You don't say whether you've recommended the papers for acceptance or rejection.
If you've recommended them for rejection (but nevertheless you view the work as being a reasonable specimen of the form, i.e., not egregiously flawed or crankish), then I think your idea to spread the opinions around is a good one. Sometimes I get sent a paper for which I think "I don't value this paper much, but so far as I know someone else really could." In that situation I often decline to referee it.
If you've recommended both of them for acceptance: well, you would think the same argument should apply, but I don't find it as compelling! Rather than declining to referee, you could just continue to read carefully and not assume the work is good because you found the prior work to be good. And if you really have a clear idea that the author is consistently doing good work -- there's no conflict of interest there! By consistently recommending their work for publication, you are helping them out but also the field.
Is “I’ve already reviewed many papers from the same author recently” a valid reason to refuse?
I think so, yes. In fact almost anything is a valid reason to refuse in the current climate: so many papers are being written and processed at this point in time that anyone person has to limit their involvement. Editors are getting turned down by referees all the time. If you decline, do it quickly and suggest other possible referees, in all my experience they won't bat an eye. As to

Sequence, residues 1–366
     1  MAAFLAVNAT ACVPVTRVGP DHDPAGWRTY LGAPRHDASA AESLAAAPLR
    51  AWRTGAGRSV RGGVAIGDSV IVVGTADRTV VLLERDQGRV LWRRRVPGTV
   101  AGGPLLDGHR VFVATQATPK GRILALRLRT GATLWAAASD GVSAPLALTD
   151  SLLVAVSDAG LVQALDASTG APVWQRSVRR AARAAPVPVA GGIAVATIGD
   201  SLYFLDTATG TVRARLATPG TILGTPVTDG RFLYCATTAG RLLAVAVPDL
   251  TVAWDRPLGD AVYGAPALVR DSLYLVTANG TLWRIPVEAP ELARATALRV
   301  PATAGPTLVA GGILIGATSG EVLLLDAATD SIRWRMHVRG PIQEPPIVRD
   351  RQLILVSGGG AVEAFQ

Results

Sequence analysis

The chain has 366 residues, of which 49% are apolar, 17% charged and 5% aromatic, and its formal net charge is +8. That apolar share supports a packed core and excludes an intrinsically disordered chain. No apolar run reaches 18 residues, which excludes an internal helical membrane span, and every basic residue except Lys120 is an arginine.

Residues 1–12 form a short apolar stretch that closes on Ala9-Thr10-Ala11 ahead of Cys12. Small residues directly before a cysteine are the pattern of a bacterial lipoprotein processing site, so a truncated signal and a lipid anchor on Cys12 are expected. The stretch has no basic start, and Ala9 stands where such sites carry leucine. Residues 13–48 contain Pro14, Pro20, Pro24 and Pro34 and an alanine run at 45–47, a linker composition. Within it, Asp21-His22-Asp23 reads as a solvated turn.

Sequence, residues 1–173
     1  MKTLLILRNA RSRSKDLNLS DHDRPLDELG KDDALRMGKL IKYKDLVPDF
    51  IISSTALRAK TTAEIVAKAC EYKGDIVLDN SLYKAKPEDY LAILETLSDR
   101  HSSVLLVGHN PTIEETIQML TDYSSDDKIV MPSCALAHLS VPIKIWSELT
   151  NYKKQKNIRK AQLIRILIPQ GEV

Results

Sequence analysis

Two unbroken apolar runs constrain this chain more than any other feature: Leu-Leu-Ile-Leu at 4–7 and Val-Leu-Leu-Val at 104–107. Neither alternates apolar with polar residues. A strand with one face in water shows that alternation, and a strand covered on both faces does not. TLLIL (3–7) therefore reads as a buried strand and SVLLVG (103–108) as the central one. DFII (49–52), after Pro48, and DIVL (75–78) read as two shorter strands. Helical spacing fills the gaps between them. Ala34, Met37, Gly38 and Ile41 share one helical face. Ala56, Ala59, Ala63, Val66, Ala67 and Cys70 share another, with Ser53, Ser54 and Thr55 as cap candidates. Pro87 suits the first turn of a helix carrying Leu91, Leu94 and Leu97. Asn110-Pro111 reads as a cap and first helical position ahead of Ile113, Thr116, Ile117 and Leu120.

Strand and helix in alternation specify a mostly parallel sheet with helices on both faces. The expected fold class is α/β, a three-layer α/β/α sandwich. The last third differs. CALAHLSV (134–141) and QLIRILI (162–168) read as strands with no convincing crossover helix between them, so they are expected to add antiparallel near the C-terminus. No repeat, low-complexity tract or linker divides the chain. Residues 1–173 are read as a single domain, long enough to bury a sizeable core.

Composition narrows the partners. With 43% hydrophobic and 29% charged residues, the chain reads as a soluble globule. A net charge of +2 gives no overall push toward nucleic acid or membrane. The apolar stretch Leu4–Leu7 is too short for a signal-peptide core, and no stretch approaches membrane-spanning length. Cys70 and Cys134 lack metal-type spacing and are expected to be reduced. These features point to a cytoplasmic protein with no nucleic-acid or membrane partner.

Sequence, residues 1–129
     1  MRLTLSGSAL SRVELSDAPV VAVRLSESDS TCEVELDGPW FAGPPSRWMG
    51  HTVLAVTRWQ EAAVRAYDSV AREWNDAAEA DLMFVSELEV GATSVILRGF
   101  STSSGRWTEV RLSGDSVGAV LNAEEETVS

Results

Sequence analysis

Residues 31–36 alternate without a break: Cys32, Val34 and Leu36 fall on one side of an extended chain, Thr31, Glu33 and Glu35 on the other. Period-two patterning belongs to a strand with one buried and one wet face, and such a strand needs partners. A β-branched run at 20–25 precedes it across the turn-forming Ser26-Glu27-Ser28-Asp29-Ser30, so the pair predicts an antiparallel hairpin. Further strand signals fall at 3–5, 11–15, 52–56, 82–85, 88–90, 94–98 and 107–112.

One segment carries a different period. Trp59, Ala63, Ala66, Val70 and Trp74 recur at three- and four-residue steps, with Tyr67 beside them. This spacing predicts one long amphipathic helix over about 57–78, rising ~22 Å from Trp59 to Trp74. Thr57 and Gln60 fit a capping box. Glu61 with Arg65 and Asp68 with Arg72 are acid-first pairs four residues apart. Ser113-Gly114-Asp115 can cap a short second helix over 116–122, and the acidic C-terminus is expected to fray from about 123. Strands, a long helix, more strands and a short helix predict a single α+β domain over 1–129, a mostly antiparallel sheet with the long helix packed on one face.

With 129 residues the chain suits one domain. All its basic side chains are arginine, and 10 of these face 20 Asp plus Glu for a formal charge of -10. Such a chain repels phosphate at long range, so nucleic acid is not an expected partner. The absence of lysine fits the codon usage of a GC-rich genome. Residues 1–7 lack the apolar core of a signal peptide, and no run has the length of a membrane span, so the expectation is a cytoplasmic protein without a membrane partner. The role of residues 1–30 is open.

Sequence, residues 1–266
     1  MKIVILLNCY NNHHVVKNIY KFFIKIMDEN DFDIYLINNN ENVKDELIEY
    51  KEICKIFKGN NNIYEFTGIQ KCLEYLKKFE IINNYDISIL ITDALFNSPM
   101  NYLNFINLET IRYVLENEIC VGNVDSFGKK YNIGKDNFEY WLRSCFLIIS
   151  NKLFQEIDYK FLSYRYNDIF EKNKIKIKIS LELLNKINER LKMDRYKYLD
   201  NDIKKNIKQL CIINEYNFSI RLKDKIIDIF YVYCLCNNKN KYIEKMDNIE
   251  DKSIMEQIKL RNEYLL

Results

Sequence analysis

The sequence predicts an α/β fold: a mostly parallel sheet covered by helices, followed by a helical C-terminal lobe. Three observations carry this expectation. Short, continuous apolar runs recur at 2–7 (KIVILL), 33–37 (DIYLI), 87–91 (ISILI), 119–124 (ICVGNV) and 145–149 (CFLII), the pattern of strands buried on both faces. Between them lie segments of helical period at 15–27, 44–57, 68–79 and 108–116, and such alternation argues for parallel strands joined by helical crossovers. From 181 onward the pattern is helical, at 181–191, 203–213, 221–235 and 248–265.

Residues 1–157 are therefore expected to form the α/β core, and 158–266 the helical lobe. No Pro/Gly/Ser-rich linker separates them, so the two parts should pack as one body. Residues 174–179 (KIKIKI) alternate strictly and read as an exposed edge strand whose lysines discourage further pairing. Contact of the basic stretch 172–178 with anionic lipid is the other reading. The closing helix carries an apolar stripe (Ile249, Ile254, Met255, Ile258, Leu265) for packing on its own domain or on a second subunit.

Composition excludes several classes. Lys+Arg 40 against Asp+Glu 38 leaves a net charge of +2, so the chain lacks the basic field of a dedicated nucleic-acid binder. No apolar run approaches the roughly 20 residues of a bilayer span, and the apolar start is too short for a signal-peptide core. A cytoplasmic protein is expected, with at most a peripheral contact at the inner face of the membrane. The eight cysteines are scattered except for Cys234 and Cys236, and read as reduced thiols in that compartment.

Is there any good way to decide how many is too many?
I think it has to come down to your own judgment, because (of course, right?) this also depends on your other professional responsibilities. As has been discussed on this site before, try to apply golden-rule considerations to your general refereeing policy.
Having said all that, I did want to make one counterargument: in all parts of mathematics in which I am familiar (which ranges from very theoretical to very moderately applied), refereeing papers takes a long time in part because the task truly is very intellectually demanding. For a given paper, there are a number of people whose expertise is so unusually close to the topic of the paper that they can evaluate it much more easily and quickly than most other experts in the same area. In many parts of mathematics, this number is very small -- sometimes, unfortunately, it is zero. If you are part of a cohort that has unusual facility and ease with the author's work, then maybe you can do in a day or week what some other (expert) mathematician would take months to do. In that case you should think again before declining, it seems to me.